POLITICS AND LEADERSHIP: Last month, the U.S. Justice Department asked a panel of judges in San Antonio to order continued scrutiny of Texas' voting procedures, despite the U.S. Supreme Court's ruling in June nullifying the requirement for the state to seek federal approval for any changes to its voting laws. In that decision, the high court effectively voided Section 5 of the Voting Rights Act of 1965 by deeming the formula the federal government used to identify jurisdictions that must receive federal preclearance unconstitutional. But U.S. Attorney General Eric Holder Jr. said the Justice Department would rely on Section 3 of the law to keep Texas subject to preclearance for another 10 years instead. Section 3 imposes a tougher standard — evidence of intentional discrimination rather than merely a history of discrimination as with Section 5. Holder said evidence of such discrimination had been presented in a case centering around the state's recent congressional redistricting. "Based on the evidence of intentional racial discrimination that was presented last year in the redistricting case...as well as the history of pervasive voting-related discrimination against racial minorities that the Supreme Court itself has recognized, we believe that the state of Texas should be required to go through a preclearance process whenever it changes its voting laws and practices,'' he said in a speech to the National Urban League. Texas Gov. Rick Perry (R) promptly condemned the Justice Department's action. "Once again, the Obama administration is demonstrating utter contempt for our country's system of checks and balances, not to mention the U.S. Constitution," he said in a written statement. "This end-run around the Supreme Court undermines the will of the people of Texas, and casts unfair aspersions on our state's commonsense efforts to preserve the integrity of our elections process." But Holder made it clear the Justice Department's sights would be set beyond just Texas. He cited a South Carolina voter ID law that was the subject of a court fight last year in particular, which prompted criticism from that state's AG, Alan Wilson. "Attorney General Eric Holder is rewriting history to advance a political agenda,'' he said. "South Carolina is proud of the progress it has made in protecting the rights of its voters, and will continue to encourage full voter participation in all coming elections." (WALL STREET JOURNAL) POLITICS IN BRIEF: NEW HAMPSHIRE Gov. Maggie Hassan (D) vetoed HB 183, which if sustained will bar election workers from processing absentee ballots before 1 p.m. on Election Day. Hassan said the bill had the potential to undermine the transparency of the state's election process (UNION LEADER [MANCHESTER], STATE NET). • U.S. District Judge Timothy S. Black in Cincinnati, OHIO has ordered that city to recognize a dying man's same-sex marriage on his death certificate. The ruling raises questions about whether provisions of Ohio law and the state's Constitution barring such recognition are unconstitutional (CLEVELAND.COM).
STATE OFFICIALS REFUSING TO DEFEND CONTROVERSIAL LAWS: When state laws are passed, it's usually up to governors and attorneys general to see that they are implemented. But lately top state officials have been balking at defending laws on socially divisive issues. For instance, Pennsylvania AG Kathleen Kane (D) has said she won't defend her state's ban on same-sex marriage in federal court in light of the U.S. Supreme Court's recent rulings on the issue. Hawaii Gov. Neil Abercrombie (D) has filed court papers declaring his state's same-sex marriage ban unconstitutional. And Indiana AG Greg Zoeller (R) is refusing to defend part of his state's immigration law. Critics have accused the officials of subverting the legal system by basing their decisions on political rather than legal considerations. "The people rely on the executive branch of doing its job of defending the laws, enforcing the laws," said Peter Breen, vice president and senior counsel for the conservative Thomas More Society, which intervened in a lawsuit filed last year in Illinois seeking same-sex marriage licenses from the Cook County Clerk after Democratic officials, including state AG Lisa Madigan, declined to oppose it. "It strikes at the heart of our representative system of government." But former Maine attorney general James E. Tierney, who now directs the National State Attorneys General Program at Columbia Law School, said the truth is AGs refuse to defend laws "all the time." "Legislatures are comprised in most states by non-lawyers trying to do the right thing, but they do not understand the complexity of constitutional limits. They are advised, but often plunge ahead — both liberals and conservatives — and make constitutional mistakes. It then falls to the AG to clean this mess up." In recent years, however, high-profile political battles over same-sex marriage and other issues have placed state officials' decisions more in the spotlight. U.S. Attorney General Eric H. Holder Jr.'s decision in 2011 to stop defending the 1996 Defense of Marriage Act, which denied federal marriage benefits to same-sex couples and which the U.S. Supreme Court struck down a key portion of in June, undoubtedly contributed to that increased attention. "There's no doubt that there's more public pressure as we defend on issues of this social magnitude," said Indiana AG Zoeller. Rick Pildes, a law professor at New York University, said state officials should exercise great caution when it comes to deciding whether to defend statutes. "There's always a very strong political temptation for elected officials — whether they're attorneys general, governors or chief executives — not to defend laws they disagree with politically, or whose defense will alienate powerful political constituencies," he said. And several experts warned that while Democrats may seem more inclined not to defend certain laws at the moment, Republicans could very well do the same on issues like health care or hate crimes in the future. "You start down this path, and it simply breeds more partisan warfare, and it provides more precedents for doing it more," said Norman J. Ornstein, a senior fellow at the American Enterprise Institute, a conservative think tank in Washington D.C. (WASHINGTON POST)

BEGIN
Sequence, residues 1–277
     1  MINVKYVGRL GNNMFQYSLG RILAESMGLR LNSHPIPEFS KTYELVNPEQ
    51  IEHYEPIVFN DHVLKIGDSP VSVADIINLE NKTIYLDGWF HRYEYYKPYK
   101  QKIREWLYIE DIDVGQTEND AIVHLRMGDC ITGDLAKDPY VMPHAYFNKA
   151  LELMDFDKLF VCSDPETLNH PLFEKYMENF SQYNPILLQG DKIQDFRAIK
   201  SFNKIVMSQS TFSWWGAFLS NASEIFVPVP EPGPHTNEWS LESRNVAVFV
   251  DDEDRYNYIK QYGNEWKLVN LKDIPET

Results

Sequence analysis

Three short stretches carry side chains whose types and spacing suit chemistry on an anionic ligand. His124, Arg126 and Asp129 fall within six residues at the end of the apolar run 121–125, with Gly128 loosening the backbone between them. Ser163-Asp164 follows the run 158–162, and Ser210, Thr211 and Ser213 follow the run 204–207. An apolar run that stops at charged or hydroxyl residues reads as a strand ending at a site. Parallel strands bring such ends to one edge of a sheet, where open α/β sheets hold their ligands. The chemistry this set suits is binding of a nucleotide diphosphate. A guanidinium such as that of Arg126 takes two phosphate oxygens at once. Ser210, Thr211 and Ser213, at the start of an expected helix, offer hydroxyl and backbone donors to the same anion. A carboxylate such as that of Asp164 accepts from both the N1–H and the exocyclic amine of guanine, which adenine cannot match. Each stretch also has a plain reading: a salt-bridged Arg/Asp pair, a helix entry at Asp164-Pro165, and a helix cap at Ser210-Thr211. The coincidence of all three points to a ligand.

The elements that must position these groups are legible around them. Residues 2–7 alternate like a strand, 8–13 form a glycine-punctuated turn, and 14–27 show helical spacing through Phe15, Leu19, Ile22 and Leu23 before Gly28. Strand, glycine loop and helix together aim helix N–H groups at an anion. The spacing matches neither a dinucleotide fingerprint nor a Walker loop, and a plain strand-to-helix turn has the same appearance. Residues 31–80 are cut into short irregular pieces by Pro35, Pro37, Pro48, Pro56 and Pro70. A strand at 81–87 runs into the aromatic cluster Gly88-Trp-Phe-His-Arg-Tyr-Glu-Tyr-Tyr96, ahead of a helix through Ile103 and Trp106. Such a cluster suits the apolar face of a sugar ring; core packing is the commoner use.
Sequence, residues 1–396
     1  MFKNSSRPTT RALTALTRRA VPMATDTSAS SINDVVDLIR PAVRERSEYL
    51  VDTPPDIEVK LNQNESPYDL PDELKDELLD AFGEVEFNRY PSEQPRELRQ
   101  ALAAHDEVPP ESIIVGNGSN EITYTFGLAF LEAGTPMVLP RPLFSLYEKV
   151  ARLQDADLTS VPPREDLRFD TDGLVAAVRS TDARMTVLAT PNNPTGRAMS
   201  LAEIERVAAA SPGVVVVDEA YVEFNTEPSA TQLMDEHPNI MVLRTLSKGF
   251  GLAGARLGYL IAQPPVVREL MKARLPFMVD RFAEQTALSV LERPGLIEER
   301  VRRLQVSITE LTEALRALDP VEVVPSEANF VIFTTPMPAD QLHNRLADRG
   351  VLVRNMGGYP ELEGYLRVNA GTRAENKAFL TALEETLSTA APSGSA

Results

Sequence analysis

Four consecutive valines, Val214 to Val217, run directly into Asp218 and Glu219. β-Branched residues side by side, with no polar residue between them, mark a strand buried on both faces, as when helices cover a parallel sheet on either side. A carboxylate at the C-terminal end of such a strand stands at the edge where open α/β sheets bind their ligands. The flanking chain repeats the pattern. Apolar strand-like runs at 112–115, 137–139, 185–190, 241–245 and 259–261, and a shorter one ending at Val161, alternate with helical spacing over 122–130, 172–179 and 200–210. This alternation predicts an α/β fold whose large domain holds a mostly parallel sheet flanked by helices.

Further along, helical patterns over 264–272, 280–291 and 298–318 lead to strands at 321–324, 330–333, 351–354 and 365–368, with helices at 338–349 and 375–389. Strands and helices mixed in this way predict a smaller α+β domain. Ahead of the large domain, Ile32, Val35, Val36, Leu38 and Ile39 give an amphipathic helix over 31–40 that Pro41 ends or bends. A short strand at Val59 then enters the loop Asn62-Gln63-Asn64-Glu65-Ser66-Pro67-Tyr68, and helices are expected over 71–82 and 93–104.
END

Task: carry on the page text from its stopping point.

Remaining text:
— Compiled by KOREY CLARK